There Nikhil Anand related, “I have found it helpful to think about infrastructure as a social-material assemblage; a process of making relations between bodies and things that is always in formation and always coming apart. Thinking about infrastructure as a process enables us to better theorize how our simultaneously social and natural worlds are constantly being made.“
Evoking the proverbial tire, Shannon Mattern, references the indomitable Ada Louise Huxtable and asks“Kicked a smart city lately?”
In it she seems to argue for a UX of transparency
“Rather than making the city’s services and networks appear seamlesslyintegrated, rather than disappearing the interfaces between the deep levels of the urban protocol stack, our interfaces could highlight the seams — in our infrastructural networks, between various layers of the urban stack, and even within the social fabric — thereby helping us to better understand how our cities function, and how we can develop the necessary tools to monitor and modify their operation“
She provides more specifically, “a rubric for how we might evaluate our urban interfaces“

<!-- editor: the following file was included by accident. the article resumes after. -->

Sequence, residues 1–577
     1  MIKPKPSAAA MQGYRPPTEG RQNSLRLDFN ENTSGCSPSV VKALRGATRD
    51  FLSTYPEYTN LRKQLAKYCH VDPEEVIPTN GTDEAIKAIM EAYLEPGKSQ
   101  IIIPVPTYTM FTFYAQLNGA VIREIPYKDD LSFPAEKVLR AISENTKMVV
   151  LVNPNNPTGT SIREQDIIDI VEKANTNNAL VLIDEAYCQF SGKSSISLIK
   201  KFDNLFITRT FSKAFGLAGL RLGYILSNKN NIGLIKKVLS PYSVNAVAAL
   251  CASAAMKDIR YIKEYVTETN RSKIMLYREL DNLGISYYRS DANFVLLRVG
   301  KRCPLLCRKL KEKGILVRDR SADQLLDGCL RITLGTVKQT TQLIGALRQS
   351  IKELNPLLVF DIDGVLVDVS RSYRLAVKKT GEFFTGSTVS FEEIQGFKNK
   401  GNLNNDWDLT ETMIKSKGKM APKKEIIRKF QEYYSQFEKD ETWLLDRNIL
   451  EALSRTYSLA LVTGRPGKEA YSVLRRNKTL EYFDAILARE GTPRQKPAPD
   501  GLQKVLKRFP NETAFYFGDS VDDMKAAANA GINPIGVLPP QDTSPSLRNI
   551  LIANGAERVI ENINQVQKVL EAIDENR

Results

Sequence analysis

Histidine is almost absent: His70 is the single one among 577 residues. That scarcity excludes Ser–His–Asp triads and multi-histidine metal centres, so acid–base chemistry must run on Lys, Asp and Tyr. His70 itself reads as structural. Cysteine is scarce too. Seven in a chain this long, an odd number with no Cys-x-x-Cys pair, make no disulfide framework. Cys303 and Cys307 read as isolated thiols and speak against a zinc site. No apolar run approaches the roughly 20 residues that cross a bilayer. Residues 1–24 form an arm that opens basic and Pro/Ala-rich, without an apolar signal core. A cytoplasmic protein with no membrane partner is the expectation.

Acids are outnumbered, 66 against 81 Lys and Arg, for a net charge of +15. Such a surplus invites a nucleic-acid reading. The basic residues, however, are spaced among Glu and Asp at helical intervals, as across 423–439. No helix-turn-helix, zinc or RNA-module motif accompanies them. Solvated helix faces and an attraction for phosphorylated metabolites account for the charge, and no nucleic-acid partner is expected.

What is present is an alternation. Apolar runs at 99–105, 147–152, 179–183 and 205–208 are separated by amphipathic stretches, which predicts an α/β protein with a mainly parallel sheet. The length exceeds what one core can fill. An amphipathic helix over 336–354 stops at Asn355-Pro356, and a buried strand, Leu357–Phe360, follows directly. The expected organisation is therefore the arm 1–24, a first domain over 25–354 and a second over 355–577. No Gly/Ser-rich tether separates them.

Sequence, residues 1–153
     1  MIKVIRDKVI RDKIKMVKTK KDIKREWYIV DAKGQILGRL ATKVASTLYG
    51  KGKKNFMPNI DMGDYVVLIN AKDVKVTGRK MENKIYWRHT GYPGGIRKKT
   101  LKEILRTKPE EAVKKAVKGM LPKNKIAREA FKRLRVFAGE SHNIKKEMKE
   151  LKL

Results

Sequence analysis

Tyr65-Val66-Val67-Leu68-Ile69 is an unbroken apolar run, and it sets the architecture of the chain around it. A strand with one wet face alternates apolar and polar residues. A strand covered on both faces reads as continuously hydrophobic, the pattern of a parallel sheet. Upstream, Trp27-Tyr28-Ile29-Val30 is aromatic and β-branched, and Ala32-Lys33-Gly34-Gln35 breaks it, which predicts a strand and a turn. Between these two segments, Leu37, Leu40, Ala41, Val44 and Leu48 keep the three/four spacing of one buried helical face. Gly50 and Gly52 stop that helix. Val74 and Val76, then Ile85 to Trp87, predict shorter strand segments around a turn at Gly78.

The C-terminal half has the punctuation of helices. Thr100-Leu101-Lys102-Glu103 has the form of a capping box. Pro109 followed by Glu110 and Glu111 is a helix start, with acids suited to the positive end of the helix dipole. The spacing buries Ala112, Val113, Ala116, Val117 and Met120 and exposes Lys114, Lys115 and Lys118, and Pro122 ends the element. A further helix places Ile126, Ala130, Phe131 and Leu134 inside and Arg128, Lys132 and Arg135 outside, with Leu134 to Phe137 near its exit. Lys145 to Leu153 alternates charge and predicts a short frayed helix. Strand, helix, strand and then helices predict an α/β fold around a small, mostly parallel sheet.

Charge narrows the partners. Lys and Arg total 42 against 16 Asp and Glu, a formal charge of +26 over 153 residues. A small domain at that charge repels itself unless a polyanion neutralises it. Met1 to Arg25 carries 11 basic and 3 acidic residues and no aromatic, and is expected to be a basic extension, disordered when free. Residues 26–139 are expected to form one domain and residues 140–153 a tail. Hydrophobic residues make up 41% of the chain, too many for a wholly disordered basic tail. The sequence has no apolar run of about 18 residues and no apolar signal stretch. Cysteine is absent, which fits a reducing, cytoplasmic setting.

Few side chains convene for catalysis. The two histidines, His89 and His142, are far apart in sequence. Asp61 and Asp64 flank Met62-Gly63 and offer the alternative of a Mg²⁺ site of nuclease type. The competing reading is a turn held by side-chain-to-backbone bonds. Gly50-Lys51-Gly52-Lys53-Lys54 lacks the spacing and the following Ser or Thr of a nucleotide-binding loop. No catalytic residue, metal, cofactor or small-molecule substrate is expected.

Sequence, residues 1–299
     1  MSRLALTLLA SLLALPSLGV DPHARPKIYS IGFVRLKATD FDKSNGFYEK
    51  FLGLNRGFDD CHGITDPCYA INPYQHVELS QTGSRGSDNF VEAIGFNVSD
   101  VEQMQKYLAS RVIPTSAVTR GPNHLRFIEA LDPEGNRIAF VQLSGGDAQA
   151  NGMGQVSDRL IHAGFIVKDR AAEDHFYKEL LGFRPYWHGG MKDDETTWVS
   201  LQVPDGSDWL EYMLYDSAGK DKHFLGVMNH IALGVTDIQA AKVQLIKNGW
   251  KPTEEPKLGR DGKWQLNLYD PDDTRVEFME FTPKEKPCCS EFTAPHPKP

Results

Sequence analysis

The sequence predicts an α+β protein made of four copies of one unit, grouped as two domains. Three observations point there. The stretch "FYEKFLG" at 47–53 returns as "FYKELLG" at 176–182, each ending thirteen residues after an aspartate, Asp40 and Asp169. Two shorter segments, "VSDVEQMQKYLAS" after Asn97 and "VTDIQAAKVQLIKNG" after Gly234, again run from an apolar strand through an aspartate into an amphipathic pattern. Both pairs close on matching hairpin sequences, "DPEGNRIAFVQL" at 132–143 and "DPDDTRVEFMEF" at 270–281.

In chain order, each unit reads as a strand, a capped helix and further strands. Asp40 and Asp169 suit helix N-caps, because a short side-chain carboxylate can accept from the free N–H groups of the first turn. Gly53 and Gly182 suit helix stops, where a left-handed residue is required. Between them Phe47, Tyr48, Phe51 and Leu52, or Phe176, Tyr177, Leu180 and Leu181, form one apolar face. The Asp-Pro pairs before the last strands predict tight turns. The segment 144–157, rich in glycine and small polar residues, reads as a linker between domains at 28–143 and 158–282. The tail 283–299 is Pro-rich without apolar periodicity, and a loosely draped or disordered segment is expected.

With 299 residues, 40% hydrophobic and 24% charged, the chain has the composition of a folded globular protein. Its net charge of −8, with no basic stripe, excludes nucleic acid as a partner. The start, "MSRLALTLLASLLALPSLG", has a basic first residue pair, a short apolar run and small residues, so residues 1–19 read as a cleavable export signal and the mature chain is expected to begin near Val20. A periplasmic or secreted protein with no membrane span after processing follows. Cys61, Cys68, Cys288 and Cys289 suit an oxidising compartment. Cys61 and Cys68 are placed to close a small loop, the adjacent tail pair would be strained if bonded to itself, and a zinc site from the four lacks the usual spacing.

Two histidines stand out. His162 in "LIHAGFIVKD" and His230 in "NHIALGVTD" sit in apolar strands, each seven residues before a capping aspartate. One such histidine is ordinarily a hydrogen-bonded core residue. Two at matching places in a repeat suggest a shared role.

Specifically, why he thinks creating, maintaining and actually using it is so important, from either the individual or the collective point of view.
“At the most basic level, if a city isn’t furnished with a well-developed fabric of public spaces of different sizes and shapes and types, there is no place to simply be if you are not actively consuming. You never understand quite what this implies — just how stark and uncomfortable an urban environment can be, no matter how well-appointed otherwise — until you visit someplace where such a nightmare endstate is enacted intentionally and literally…We need to develop meaningful ways for people to use the city when they don’t have so much as a penny to their name, and public space can do this“.
What would it mean to think of a city as a dense mesh of active, communicating objects — each one able to gather information from the environment around it, routinely share that information with other objects as well as human users, even act upon it where appropriate? And if we can treat the things we encounter in urban environments as system resources, rather than a mute collection of disarticulated buildings, vehicles, sewers and sidewalks, what might we do with them?
Greenfield goes on to call for the need for the city to be open in terms of data, ownership and usage (w)rites. In this vein he makes a call for something that came up often in last years Infrastructural City blog-discussion, lead by Mammoth, “Just as the novice programmer is invited to learn from, understand, and improve upon — to “hack” — open-source software, the city itself should invite its users to demystify and reengineer the places in which they live and the processes which generate meaning, at the most intimate and immediate level.”